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I'm a math major and I'm finishing my bachelor thesis. I was lucky enough to find a hardworking and caring advisor to work with. I'm very grateful with him for his guidance but, during this time, I noticed he likes to give a bit too much guidance and sometimes restricts my creative freedom.

He suggested me to prove some results and I successfully proved them while also developing related examples and ideas on my own. When the moment to put everything on paper came, he wanted me to explain some of those results in the way he reached them. When I try to explain something, he interrupts me every five minutes (no kidding) saying things like "it should be better if you start motivating this in this way", or wants me to change the structure/order of the argument (when my initial structure is also correct). He likes to state the same thing two or three times and elaborates a lot, but I prefer to state things clearly and only once. Sometimes we discuss for hours minimal details like the placement of commas or my election of words. Since I get tired of the conversation I just change what he asks me to.

I managed to include all his observation on the writing while trying to add my personal ideas, but now that I need to prepare the talk for my defense I would like to have the freedom to plan it completely alone.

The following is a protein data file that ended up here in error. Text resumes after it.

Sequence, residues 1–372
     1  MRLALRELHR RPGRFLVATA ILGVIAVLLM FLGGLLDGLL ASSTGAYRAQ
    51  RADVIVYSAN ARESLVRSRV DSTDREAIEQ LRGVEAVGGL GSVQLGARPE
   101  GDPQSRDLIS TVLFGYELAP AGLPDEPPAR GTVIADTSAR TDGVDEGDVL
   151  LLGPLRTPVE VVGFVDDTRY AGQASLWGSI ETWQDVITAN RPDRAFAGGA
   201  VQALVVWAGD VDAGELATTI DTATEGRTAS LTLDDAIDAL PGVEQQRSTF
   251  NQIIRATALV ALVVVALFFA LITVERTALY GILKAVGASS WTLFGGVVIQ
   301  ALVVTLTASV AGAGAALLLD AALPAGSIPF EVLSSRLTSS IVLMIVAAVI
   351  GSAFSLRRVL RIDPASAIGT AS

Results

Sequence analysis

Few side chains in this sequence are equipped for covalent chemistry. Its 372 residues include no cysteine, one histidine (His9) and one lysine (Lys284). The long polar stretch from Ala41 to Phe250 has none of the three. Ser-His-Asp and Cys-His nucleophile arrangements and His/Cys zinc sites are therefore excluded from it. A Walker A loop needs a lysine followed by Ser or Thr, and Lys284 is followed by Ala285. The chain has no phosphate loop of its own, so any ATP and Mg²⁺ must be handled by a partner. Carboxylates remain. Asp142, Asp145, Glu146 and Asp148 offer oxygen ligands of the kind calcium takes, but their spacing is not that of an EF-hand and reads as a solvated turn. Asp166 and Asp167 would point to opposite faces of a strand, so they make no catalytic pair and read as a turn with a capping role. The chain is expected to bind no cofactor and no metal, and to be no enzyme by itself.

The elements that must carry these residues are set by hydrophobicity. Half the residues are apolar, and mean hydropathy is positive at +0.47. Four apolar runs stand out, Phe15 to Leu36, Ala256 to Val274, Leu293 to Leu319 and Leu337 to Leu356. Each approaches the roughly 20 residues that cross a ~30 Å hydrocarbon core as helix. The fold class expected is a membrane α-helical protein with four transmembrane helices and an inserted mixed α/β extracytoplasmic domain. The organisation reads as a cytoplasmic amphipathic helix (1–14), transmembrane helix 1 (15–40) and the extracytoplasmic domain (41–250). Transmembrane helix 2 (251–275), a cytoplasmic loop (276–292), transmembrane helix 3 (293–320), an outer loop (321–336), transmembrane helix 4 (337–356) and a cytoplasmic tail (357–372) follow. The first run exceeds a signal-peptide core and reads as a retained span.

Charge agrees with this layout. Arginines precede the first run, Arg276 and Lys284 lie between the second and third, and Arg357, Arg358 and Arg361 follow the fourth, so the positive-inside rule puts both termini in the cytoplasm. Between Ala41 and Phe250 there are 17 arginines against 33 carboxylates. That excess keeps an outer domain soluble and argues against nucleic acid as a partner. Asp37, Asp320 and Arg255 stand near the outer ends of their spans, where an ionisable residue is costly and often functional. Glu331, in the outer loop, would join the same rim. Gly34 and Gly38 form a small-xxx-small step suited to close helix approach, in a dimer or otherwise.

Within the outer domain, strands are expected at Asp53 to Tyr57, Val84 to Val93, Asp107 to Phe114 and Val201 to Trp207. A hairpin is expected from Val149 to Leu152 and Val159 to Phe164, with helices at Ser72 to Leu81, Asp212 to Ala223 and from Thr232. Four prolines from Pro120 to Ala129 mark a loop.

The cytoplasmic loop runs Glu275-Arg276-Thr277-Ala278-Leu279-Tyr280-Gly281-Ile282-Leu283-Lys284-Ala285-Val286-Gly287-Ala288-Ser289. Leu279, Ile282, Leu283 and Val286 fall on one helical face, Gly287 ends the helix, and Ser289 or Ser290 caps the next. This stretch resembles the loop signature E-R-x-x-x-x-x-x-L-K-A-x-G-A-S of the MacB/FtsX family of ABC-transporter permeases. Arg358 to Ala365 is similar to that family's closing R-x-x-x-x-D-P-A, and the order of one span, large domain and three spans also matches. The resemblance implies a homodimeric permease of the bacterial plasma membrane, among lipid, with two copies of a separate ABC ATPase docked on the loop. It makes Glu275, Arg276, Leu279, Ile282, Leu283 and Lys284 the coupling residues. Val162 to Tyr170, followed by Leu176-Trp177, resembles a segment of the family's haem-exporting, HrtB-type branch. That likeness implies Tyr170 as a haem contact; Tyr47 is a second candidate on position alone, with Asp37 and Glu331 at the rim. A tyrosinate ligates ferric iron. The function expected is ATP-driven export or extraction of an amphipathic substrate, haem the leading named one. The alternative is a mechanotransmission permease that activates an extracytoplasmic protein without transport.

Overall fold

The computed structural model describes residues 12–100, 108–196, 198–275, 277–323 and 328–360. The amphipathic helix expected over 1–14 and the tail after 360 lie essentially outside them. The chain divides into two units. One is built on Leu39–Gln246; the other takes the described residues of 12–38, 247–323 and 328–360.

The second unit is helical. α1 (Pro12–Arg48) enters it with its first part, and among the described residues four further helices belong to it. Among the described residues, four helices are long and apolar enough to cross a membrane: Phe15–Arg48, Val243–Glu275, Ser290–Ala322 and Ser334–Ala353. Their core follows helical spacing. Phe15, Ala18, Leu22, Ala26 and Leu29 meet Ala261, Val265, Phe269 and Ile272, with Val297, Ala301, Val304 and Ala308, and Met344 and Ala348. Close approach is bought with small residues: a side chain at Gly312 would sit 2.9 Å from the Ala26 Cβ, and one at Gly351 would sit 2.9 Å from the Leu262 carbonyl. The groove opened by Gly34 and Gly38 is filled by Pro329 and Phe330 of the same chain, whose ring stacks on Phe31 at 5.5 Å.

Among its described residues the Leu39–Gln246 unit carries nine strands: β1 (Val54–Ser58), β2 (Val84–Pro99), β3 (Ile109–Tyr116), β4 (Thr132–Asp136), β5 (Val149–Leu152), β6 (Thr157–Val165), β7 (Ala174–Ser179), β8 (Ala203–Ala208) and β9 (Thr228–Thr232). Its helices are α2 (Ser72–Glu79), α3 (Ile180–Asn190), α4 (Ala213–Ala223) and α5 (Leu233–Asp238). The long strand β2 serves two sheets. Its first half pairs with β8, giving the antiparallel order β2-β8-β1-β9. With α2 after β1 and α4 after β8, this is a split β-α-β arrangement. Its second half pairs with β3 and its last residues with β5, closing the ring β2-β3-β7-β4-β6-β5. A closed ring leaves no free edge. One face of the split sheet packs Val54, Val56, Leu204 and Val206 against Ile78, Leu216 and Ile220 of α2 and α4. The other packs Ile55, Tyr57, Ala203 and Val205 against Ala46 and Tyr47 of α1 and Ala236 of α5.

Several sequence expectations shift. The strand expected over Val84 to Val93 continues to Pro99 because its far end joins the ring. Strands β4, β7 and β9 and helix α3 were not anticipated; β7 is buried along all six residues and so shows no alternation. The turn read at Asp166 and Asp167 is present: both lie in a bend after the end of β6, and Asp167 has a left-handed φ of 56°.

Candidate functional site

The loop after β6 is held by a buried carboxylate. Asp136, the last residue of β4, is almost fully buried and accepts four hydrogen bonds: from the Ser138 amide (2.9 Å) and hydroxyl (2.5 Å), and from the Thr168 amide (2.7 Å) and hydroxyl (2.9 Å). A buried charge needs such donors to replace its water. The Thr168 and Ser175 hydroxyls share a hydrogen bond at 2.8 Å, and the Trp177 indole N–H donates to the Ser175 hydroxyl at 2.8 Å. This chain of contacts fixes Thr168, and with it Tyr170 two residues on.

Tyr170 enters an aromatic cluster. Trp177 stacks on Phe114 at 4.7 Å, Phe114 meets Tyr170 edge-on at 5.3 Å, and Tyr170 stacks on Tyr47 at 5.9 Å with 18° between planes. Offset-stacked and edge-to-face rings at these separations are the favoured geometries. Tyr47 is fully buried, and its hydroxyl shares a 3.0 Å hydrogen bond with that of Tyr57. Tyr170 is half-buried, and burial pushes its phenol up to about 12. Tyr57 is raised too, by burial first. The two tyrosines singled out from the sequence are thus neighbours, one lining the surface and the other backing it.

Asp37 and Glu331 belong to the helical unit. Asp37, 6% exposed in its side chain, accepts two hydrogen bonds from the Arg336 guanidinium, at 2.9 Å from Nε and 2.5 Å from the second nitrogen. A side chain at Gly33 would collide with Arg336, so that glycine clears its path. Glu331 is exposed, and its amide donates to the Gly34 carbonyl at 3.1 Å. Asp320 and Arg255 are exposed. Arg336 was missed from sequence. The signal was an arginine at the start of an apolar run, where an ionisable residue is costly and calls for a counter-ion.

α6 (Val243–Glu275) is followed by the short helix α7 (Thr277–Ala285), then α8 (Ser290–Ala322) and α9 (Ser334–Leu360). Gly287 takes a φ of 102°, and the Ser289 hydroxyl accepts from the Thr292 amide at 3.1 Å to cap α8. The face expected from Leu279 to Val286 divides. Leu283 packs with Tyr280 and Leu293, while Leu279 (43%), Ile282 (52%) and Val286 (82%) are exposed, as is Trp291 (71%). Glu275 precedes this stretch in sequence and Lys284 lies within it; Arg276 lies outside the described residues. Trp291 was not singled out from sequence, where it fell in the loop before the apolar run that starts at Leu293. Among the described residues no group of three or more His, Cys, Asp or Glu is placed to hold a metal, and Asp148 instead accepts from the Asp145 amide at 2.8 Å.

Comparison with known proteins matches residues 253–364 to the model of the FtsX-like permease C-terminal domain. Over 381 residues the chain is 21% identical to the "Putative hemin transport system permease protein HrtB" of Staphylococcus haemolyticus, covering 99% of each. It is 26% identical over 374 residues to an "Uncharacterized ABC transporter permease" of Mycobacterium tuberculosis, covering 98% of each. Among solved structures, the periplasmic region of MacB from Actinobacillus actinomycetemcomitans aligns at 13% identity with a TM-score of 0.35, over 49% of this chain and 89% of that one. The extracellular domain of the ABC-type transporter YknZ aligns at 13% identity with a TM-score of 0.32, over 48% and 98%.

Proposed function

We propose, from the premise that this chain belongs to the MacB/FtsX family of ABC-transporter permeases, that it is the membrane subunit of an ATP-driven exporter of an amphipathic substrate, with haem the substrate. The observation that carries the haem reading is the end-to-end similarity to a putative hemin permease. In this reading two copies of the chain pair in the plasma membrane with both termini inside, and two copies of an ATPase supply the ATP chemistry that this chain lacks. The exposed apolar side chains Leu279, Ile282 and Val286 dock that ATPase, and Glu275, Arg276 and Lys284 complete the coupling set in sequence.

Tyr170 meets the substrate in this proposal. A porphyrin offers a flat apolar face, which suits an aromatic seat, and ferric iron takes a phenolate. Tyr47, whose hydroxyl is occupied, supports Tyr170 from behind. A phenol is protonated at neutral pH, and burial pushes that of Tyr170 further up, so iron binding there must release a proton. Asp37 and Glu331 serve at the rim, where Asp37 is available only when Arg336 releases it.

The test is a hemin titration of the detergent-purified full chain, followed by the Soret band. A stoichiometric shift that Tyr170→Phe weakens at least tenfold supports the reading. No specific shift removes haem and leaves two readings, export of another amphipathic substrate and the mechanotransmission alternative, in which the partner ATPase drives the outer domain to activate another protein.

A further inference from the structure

Being honest, the only two people who will actually be listening to me will be my advisor and my mom: one of them knows everything backwards, while the other is already happy with me getting a degree. Then why can't I explain the content of my dissertation in my own way? I also find more difficult to explain the ideas following my advisor's line of thoughts instead of mine.

Taking into account that I will be presenting work done by me and him, I don't know if it's right to ask for total freedom to prepare and give my talk. Is it right? If yes, how can I discuss it with my advisor without looking like an ungrateful person?

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    Do I assume correctly that this is in mathematics? Re "When I try to explain something, he interrupts me every five minutes (no kidding)": I find it a bit surprising that you find an interruption every few minutes too much. If I explain something (in direct conversation, not during a talk), either to a colleague or to a student, and am not interrupted very frequently, I will soon be concerned that I completely lost the other person and that they just keep listening out of politeness. Apr 10, 2023 at 12:00
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    @JochenGlueck yes, it's a math thesis. I hadn't thought of it that way. Maybe I'm too used to a "classroom" environment, when someone talks and explains what they deem important while the others listen and ask questions at the end.